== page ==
Increasingly most computer manufacturers are supplying at least one 2-in-1 convertible laptop that has a screen size of between 13” and 16” in their product lineups.
These work in a similar vein to the Lenovo Yoga range which made this concept more cost-effective. Here, the computer has a hinge that swivels through 360 degrees so that it changes between a laptop and a tablet, with the ability to be angled to be a viewer with the screen on a slant or to be set up in a “tent” mode that looks like an A-frame signhoard.
Some manufacturers like Dell, HP and Lenovo are offering a range of these computers with some models offering the kind of performance and storage expectations akin to most mainstream laptop computers for a price very close to one of these computers. This is while they offer the premium Ultrabook variants like HP’s Spectre X360 along with business-rated variants like HP’s Elitebook X360 that have all the security features desired by enterprise IT.
These large convertible laptops have a screen size that appeals to regular laptop use which would underscore a lot of content-creation activity. But a significant number of people will consider them to be too large for use as a tablet, especially if the idea is to use it as something that takes over the iPad’s or Android tablet’s role. This is because these tablets have a screen size of between 10″ and 11″ that that yields a highly-portable device best suited to personal media consumption.
Some people may appreciate the large screen for these computers while used as a tablet compared to the conventional 10”-11” size pitched for tablet devices. For example older people and those who don’t have good eyesight will appreciate the large screen especially when it comes to reading or casual gameplay. It can also appeal to people who find the traditional laptop as their “comfort zone” but want to dabble with the tablet feel with that same screen size.
Similarly, you could easily share the screen between two people.This is augmented by the use of that “presentation viewer” position which has the screen at that comfortable viewing angle while the keyboard serves as a base. In some cases, the larger area allows the weight of the base to be spread more easily. A classic example could be for the two of you to relax on the couch or in bed and watch that online video, or you to read through that PDF recipe file with the computer resting on the kitchen bench.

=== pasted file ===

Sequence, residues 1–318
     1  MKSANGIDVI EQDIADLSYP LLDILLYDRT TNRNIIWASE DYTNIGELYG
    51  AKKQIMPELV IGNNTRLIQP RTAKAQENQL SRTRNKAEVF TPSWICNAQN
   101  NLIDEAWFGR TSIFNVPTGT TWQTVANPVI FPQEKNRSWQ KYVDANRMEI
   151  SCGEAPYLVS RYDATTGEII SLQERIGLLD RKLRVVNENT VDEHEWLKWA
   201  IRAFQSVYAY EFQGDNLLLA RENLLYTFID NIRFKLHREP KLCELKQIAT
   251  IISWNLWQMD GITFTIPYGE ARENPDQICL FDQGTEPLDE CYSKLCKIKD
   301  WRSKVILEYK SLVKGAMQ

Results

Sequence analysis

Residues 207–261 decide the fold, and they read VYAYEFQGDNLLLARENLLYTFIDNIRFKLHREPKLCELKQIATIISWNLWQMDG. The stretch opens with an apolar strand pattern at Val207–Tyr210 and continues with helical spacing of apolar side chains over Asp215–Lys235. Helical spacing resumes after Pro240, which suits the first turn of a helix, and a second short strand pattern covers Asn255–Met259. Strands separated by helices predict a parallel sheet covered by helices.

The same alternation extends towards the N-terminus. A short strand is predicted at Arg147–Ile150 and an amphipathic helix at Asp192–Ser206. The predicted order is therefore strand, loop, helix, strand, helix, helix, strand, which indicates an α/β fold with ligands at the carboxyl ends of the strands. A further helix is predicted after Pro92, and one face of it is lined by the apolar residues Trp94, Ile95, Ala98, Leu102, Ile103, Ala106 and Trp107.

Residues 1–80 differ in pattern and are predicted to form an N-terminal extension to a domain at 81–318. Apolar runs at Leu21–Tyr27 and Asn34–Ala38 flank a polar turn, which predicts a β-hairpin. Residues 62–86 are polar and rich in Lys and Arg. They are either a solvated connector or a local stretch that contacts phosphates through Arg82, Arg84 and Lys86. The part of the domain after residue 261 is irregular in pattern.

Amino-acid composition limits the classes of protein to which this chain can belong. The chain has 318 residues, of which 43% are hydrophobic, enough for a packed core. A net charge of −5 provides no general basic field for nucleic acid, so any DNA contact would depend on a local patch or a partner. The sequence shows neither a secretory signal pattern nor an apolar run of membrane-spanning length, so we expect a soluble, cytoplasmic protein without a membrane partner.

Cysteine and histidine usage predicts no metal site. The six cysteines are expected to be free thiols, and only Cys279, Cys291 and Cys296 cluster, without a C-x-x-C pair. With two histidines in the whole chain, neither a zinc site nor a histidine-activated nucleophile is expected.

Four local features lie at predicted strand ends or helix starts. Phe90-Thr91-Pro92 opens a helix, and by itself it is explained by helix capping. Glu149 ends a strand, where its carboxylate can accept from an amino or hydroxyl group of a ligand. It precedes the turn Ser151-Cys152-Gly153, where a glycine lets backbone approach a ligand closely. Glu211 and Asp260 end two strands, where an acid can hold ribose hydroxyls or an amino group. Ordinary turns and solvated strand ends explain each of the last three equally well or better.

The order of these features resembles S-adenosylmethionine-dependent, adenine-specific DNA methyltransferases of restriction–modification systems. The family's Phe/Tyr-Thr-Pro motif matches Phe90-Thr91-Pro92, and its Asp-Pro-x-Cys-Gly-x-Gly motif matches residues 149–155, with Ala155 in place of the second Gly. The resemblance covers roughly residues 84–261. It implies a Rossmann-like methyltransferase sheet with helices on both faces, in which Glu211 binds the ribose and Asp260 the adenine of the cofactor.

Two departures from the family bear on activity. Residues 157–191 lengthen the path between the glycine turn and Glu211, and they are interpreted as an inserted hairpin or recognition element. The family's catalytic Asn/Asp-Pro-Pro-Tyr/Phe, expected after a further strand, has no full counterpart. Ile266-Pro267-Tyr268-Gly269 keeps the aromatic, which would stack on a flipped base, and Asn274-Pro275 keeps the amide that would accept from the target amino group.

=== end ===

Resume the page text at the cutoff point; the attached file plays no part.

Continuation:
The large size screen in these tablet-based modes also allows us to see more text-based context without needing to zoom in and out or scroll the text. This can be useful for those of you who are presenting from material like notes stored on one of these computers.
The limitation with these larger convertible 2-in-1s regarding their size is that it may not appeal as something that is light enough to be pocketed away. Here, these computers would end up being transported in the same manner as the traditional laptop.
Similarly, there hasn’t been much effort taking place to port the mobile-platform games and apps to Windows 10, which just about all of these computers run. Here, a lot of these games that exist on the mobile platforms are optimised to exploit the touchscreen user experience which this class of computer offers as well. There is also the practice amongst a large number of “catch-up TV” and similar video-on-demand providers to expect the user to use the Web browser to visit their Web presence, but Windows 10 native apps written for these services can make for improved performance from these computers along with a sleek user experience.
I still see this class of computer earning their keep as a viable alternative to the traditional clamshell laptop computer and the 10” mobile-platform tablet that is always just used at home. Here, the large 2-in-1 convertible laptop can appeal to a large class of people who use a laptop or iPad just for the typical computing tasks such as video and photo viewing, word processing, Web browsing and online communications but who appreciate the large screen. As for the cost, even if the sticker price seems to be expensive, you are effectively buying two devices in one housing and are likely to end up likely to make heavy use of these computers rather than thinking of dealing with the two separate devices.